Your provider might ask you to drink less fluid throughout the day to cut down on leakage. Your provider may also recommend using the bathroom at regular, set times to help avoid accidents. Keeping a journal about when you have leakage problems can help your provider treat you.
Products for Men and Women
You can wear disposable pads in your underwear. They have a waterproof backing that keeps your clothes from getting wet. Common brands are:
- Many different store brands
Always change your pad or underwear regularly, even if you are dry. Changing often will keep your skin healthy. Set aside time to change 2 to 4 times a day at the same times every day.
Adult Diapers and Underwear
You can use adult diapers if you are leaking large amounts of urine. You can buy the kind that you use once and throw away, or ones that you can wash and reuse. They come in different sizes. Wear a size that fits you snugly. Some have elastic around the legs to keep from leaking onto your clothes. Some come with a plastic cover for more protection.
Special, washable underwear are also available. These look more like regular underwear than adult diapers. Some have a waterproof crotch area and room for a pad or liner. Some are made out of a special waterproof fabric that keeps your skin dry. You do not need a pad with these.
Waterproof outer pants made of nylon, vinyl, or rubber are also available. They can be worn over your underwear.
Special Products for Men
Men can use a drip collector for small amounts of urine leakage. This is a small pocket that fits over the penis. Wear close-fitting underwear to keep it in place.
Men can also use a condom catheter device. It fits over the penis like a condom. A tube carries the urine that collects in it to a bag attached to the leg. This helps to prevent odor and skin problems.
Special Products for Women
Women can try different products, depending on the cause for their urine leakage. External devices include:
- Foam pads that are very small and fit between your labia. You take the pad out when you need to urinate, and then put a new one in. Common brands are Miniguard, UroMed, Impress, and Softpatch.
- A urethra cap is a silicone cap, or shield that fits in place over your urinary opening. It can be washed and used again. Common brands are CapSure and FemAssist.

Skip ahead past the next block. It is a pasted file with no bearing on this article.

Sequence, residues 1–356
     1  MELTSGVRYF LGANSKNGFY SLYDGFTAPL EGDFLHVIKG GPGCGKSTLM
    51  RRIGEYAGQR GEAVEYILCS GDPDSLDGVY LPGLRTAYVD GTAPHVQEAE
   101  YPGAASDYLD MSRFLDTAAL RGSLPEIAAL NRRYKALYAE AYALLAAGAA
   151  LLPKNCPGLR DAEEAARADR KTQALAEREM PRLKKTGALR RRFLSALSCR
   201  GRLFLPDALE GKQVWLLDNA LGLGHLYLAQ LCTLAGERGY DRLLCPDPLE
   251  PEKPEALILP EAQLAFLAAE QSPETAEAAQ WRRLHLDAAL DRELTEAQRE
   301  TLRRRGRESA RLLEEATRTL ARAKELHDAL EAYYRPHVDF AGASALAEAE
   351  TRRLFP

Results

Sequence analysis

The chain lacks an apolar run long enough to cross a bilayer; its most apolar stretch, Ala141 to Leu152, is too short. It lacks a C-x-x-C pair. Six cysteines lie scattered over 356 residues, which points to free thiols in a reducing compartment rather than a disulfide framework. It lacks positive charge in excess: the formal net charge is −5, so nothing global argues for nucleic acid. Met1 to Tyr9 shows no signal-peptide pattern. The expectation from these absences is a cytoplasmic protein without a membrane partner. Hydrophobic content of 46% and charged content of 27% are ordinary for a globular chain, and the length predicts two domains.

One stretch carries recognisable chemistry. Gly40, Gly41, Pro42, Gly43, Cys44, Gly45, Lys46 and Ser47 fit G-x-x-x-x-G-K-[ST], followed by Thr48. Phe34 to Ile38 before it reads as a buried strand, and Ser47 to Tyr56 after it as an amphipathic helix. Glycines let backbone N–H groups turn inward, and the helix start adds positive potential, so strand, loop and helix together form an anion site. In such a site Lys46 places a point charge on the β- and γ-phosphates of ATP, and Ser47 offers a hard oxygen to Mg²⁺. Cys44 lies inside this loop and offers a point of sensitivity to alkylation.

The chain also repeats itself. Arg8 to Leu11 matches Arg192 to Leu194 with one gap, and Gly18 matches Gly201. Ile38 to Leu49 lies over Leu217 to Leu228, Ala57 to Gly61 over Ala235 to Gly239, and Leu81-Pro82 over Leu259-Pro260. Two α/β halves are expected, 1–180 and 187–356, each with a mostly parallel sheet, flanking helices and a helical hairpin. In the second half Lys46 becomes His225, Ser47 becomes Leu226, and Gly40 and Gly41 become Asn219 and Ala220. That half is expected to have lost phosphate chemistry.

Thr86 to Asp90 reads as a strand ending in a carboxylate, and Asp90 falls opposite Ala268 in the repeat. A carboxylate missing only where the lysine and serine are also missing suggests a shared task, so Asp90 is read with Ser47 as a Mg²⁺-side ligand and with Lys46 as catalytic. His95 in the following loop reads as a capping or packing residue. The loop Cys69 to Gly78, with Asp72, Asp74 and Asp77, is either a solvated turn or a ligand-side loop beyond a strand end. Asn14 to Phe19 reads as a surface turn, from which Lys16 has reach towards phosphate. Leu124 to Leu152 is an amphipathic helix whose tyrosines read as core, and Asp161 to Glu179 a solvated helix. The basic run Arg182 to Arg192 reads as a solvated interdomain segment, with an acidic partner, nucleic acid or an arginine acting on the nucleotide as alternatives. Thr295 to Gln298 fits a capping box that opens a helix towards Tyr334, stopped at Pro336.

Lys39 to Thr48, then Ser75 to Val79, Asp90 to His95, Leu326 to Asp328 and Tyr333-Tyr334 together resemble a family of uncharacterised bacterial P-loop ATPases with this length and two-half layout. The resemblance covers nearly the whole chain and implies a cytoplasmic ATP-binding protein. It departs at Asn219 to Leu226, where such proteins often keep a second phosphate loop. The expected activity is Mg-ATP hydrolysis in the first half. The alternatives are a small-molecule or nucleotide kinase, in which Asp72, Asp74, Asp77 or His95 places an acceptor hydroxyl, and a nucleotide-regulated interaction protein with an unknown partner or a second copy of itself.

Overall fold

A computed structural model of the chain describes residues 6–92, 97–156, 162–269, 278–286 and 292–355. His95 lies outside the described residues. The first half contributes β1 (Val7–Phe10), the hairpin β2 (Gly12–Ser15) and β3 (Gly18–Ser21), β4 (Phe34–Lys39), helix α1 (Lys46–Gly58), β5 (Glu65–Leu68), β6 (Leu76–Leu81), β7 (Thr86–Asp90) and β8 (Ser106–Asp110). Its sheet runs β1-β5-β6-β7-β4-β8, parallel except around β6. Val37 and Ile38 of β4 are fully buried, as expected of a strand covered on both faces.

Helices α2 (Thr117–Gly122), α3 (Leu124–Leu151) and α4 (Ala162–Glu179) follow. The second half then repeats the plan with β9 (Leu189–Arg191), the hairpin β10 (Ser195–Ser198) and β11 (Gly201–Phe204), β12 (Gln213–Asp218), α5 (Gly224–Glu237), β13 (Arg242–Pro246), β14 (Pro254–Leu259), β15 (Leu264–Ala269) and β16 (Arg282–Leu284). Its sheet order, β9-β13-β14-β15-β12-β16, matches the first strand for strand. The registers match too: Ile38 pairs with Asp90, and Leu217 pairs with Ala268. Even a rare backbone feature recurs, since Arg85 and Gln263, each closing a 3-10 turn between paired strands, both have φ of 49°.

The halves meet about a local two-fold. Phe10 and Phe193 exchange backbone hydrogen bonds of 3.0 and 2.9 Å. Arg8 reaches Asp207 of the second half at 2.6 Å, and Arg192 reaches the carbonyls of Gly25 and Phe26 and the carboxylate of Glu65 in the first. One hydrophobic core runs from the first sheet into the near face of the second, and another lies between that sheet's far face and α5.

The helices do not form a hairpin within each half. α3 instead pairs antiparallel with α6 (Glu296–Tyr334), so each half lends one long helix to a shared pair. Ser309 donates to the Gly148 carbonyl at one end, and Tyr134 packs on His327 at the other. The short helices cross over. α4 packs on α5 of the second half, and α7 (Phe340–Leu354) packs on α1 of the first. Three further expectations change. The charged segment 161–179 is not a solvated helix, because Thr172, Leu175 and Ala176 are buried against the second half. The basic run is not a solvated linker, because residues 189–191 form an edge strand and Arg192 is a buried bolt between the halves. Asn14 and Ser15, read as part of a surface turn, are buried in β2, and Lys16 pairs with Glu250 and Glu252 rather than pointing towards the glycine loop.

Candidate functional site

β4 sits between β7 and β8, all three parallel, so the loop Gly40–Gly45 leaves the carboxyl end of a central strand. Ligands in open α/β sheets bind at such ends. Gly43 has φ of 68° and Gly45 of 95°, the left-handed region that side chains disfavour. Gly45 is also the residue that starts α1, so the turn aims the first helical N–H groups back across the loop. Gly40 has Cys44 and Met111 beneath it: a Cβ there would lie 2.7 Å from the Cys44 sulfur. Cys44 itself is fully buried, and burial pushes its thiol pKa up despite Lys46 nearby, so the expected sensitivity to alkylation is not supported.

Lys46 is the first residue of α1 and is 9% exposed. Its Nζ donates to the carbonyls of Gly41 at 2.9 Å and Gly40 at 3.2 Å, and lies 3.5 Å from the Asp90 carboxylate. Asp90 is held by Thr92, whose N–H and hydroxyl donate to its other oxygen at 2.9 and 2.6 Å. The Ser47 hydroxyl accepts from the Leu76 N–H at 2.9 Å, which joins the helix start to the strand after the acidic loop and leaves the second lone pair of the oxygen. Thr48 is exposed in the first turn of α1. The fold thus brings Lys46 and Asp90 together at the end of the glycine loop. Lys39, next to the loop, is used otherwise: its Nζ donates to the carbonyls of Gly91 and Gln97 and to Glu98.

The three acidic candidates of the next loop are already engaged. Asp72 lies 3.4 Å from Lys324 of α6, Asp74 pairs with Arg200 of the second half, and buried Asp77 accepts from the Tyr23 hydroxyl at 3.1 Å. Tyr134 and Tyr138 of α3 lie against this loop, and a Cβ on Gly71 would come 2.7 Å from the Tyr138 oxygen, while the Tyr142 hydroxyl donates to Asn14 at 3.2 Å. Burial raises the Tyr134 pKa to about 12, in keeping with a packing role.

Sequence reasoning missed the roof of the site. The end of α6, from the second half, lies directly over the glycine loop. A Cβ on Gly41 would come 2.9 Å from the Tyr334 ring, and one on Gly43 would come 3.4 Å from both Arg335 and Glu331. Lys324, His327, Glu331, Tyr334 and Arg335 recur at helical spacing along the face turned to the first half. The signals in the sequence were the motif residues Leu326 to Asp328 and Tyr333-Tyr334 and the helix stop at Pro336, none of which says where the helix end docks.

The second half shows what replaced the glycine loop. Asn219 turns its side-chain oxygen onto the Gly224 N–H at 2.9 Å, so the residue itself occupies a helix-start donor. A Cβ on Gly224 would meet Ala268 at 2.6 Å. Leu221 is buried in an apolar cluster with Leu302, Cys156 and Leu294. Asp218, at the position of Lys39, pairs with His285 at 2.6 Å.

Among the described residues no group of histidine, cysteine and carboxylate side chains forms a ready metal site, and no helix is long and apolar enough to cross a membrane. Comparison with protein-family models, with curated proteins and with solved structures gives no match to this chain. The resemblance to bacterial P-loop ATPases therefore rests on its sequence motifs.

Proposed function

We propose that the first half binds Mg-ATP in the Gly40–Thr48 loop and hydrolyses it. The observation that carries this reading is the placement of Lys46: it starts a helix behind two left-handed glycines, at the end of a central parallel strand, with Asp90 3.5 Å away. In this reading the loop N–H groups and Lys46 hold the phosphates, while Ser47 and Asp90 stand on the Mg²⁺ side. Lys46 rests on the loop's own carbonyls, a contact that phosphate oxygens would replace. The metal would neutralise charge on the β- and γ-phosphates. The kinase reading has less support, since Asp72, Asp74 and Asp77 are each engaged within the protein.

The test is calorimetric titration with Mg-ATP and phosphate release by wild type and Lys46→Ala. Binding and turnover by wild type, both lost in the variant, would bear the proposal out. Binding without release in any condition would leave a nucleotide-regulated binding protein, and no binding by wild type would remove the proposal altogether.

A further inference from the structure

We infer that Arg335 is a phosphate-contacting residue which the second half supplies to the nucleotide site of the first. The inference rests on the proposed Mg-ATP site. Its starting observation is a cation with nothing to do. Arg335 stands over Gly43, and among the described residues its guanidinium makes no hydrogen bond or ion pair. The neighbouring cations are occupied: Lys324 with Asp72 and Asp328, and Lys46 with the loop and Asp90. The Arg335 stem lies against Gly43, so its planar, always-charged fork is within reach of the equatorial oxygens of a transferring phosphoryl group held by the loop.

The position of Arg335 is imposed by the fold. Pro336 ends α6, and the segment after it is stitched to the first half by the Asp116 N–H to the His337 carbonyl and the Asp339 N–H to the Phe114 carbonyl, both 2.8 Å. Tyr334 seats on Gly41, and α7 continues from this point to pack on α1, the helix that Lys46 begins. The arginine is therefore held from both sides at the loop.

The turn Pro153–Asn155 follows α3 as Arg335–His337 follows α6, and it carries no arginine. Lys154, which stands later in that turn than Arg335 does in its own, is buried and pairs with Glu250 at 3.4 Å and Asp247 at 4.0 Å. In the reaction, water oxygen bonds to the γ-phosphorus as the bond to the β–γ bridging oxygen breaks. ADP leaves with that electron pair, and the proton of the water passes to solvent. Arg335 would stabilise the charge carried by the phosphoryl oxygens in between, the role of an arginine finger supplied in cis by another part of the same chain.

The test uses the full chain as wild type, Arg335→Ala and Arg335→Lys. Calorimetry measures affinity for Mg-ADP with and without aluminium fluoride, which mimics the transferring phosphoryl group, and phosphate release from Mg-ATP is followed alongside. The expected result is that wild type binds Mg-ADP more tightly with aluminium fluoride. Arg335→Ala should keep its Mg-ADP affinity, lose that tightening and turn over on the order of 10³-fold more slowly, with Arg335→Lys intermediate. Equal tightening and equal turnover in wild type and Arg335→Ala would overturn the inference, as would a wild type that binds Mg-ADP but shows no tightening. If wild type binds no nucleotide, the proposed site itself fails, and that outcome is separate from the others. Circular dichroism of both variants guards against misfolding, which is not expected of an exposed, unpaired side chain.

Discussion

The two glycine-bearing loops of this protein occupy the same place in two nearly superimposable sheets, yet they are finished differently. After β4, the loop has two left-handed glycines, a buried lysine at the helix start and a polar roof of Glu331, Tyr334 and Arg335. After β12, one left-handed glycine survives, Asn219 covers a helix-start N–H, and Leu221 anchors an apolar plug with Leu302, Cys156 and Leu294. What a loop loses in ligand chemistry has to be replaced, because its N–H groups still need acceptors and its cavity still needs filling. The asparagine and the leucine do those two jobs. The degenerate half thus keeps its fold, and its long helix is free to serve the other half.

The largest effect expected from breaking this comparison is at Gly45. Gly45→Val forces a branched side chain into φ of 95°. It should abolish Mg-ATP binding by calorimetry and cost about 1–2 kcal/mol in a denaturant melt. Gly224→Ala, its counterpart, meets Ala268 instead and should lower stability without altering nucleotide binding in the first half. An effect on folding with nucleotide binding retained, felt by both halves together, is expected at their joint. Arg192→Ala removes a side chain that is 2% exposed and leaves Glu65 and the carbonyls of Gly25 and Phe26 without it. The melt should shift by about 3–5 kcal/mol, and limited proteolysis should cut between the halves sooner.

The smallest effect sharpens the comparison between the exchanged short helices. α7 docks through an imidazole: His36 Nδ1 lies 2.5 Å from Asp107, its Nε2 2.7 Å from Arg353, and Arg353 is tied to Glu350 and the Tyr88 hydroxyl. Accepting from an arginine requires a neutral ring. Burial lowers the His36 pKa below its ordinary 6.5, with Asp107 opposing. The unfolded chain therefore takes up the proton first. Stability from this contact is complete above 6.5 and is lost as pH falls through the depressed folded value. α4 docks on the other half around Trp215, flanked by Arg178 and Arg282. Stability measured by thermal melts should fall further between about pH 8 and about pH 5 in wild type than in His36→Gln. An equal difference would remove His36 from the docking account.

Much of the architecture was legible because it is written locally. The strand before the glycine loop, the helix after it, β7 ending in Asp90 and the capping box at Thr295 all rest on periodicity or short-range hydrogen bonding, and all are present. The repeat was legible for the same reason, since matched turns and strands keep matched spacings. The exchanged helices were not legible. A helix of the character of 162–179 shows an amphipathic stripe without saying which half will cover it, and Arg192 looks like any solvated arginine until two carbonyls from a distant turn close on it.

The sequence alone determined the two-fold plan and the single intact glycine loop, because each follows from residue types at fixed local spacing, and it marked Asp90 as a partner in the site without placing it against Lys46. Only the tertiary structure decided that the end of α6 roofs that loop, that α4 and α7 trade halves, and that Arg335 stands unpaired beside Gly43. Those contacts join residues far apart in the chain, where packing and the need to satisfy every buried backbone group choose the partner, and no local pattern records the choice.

Internal devices to prevent urine leakage include:
- A single-use plastic shaft that can be inserted into your urethra (hole where urine comes out) and has a balloon on one end and a tab on the other. It is only for single, short-term use and needs to be removed to urinate. Common brands are Reliance and FemSoft.
- A pessary is a round latex or silicone disk that is inserted into your vagina to provide bladder support. It needs to be removed and washed on a regular basis. It must be fitted and prescribed by your primary care provider.
Products to Protect Your Furniture
You can buy special waterproof pads to put under your sheets and on your chairs. Sometimes these are called Chux or blue pads. Some pads are washable and can be reused. Others you use once and throw away.
You can also create your own pad from a vinyl tablecloth or shower curtain lining.
Where to Buy Products
Many of these products are available over-the-counter (without a prescription) at your local drugstore or supermarket. You might have to check a medical supply store or search online for some products.
Remember, washable items may help save money.
Your insurance may pay for your pads and other incontinence supplies if you have prescription from your provider. Check with your insurance company to find out.
When to Call the Doctor
Call your provider if:
- You are not sure how to use your product.
- You are not staying dry.
- You develop a skin rash or sores.
- You have signs of infection (a burning sensation when you urinate, fever, or chills).
Kelly L. Stratton, MD, FACS, Associate Professor, Department of Urology, University of Oklahoma Health Sciences Center, Oklahoma City, OK. Also reviewed by David Zieve, MD, MHA, Medical Director, Brenda Conaway, Editorial Director, and the A.D.A.M. Editorial team.